With a lot of fanfare (and catchy background music), Twitter launched the Birdwatch program, a platform that aims to encourage the “community” to identify and comment on misinformation contained in tweets. The company will initially select 1,000 such “bird watchers” to monitor the exchange of information on its once neutral platform. Not surprisingly, many of us are not thrilled with the program. While the programs do not allow direct removal of tweets, it is clearly designed to flag tweets that the majority consider misleading. This can then be used by Twitter to further support the increasing censorship of information on the Internet.
The selected bird watchers publish at least initially on a public birdwatch website as opposed to the target Twitter account.
Adding a “community-based” system is hardly an improvement over a purely “corporate-based” censorship system. Twitter continues to claim that it will regulate language, and this new platform effectively invites the community to identify those tweets that are worth flagging for possible removal or bans. The program is also likely to encourage campaigns to add such flags on the Birdwatch website to pressure Twitter to ban opposing viewpoints. It is not clear who will be watching the bird watchers in this sense.
Suspicions that this system is intended to improve Twitter’s censorship guidelines are difficult to avoid. After all, Twitter users can already mark what they see as misinformation by replying directly to a tweet or by using their own account. This is an attempt to build consensus in a community that could be used to aid the company in alleged plans for “much bigger” steps towards language regulation. Many critics are not satisfied with being able to react to opposing points of view with their own views. They want to silence opposing viewpoints and control the exchange of information. Just recently, fFormer Facebook executive Alex Stamos told CNN’s Brian Stelter that we need to find new ways to cut off “conservative influencers,” including cable news: “We have to reject the ability of these conservative influencers to reach this large audience. For example, there are people on YouTube who have a larger audience than CNN during the day.”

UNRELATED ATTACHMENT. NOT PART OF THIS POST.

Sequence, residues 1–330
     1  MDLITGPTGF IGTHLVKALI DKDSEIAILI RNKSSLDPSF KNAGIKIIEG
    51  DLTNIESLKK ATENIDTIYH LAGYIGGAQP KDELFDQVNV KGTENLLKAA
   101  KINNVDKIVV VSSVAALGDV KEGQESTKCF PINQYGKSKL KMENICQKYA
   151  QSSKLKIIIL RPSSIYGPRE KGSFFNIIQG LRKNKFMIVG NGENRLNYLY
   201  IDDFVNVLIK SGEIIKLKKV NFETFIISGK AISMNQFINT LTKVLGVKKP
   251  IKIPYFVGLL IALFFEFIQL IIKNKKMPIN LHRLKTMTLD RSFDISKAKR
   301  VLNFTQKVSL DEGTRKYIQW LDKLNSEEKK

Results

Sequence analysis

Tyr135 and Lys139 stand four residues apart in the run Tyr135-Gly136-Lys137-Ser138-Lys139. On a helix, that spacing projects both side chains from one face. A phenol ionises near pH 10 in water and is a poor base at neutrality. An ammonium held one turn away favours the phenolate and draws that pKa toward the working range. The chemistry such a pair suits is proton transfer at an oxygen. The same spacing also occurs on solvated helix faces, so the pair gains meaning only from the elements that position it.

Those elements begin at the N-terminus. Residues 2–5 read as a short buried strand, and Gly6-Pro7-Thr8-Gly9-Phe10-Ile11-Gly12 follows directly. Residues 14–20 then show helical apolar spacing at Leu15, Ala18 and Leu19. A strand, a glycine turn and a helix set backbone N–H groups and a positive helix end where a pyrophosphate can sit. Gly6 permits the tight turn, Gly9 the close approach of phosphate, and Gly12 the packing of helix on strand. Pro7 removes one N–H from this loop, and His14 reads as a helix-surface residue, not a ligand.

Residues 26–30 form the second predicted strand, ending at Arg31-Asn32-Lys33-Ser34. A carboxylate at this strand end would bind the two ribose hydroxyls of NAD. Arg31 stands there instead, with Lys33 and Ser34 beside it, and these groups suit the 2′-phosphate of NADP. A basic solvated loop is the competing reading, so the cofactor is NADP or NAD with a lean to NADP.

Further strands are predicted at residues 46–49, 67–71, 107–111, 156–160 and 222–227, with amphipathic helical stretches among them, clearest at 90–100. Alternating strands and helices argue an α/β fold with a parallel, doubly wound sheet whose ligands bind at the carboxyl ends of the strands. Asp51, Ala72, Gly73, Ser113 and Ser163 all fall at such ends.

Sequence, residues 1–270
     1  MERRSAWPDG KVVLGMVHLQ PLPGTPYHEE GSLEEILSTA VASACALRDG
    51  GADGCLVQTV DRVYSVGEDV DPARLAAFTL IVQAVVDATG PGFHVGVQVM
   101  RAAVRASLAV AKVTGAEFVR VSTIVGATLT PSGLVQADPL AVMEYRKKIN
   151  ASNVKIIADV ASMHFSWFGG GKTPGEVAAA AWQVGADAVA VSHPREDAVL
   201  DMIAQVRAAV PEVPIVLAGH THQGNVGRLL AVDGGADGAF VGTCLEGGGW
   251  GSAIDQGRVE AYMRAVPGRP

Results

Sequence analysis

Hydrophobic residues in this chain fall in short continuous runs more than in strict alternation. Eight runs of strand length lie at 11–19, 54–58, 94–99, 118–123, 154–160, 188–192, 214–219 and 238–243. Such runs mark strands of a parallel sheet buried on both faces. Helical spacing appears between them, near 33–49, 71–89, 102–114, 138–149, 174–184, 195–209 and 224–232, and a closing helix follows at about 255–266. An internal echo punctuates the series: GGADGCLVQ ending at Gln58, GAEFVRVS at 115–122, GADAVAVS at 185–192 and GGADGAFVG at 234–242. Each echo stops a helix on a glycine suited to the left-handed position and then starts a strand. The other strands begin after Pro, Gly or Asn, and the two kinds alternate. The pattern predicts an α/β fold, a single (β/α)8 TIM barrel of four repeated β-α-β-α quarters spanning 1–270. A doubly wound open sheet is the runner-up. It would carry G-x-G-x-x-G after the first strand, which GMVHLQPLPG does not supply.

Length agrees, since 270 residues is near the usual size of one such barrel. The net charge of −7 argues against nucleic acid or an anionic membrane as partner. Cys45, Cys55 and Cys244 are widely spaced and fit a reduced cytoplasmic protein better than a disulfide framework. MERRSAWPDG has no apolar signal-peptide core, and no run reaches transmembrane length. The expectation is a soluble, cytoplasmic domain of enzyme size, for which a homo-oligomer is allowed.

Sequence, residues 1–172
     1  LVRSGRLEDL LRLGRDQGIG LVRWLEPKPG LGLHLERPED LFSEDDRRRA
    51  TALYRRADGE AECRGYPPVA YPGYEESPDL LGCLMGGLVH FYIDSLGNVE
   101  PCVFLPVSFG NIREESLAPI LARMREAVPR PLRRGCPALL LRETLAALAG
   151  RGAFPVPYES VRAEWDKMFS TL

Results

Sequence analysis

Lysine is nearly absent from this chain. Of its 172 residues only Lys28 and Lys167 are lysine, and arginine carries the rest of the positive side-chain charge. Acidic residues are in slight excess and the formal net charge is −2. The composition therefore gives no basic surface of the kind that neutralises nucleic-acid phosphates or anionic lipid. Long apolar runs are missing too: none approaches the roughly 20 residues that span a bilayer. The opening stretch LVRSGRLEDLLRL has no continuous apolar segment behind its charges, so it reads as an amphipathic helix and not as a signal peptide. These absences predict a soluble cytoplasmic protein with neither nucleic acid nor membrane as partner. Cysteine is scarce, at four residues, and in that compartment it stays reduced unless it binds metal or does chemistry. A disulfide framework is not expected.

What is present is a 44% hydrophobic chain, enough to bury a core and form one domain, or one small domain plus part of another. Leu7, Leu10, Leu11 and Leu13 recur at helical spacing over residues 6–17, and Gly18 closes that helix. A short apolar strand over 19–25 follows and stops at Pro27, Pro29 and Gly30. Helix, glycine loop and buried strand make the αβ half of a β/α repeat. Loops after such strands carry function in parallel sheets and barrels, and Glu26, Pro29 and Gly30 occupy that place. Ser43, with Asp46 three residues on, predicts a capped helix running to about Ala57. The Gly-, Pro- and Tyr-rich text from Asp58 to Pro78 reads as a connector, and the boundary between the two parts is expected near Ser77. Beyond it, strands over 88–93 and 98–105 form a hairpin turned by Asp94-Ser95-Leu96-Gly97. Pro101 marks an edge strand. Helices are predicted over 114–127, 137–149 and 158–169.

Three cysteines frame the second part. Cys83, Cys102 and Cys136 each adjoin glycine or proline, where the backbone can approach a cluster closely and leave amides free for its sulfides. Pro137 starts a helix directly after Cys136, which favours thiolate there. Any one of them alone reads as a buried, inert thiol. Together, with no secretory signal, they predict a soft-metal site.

For advocates of free speech, the use of such community-based systems is a well-known method of restricting and controlling language. Popular language does not need protection. The key to freedom of speech is the protection of speech that a community or majority does not support.
In particular, when Dorsey appeared before the Senate to apologize as a mistake for the pre-election power outage of the Hunter-Biden scandal, the Democratic senators called for more censorship. Dorsey agreed that “Misleading information, as you know, is a big problem. It is difficult to define it fully and coherently. “Then, instead of raising concerns about censoring views and comments based on such an amorphous category, Senator Chris Coons urged him to expand the categories of censored material to prevent people from sharing what he called” climate denial ” looks at.
One of the loudest voices for censorship was Connecticut Senator Richard Blumenthal, who seemed to be taking the opposite meaning from Twitter and admitting that it was wrong to censor the Biden story. Blumenthal said he was “concerned that your two companies are actually falling behind or falling, that you are not taking action against dangerous disinformation”. Accordingly, he asked for an answer to this question: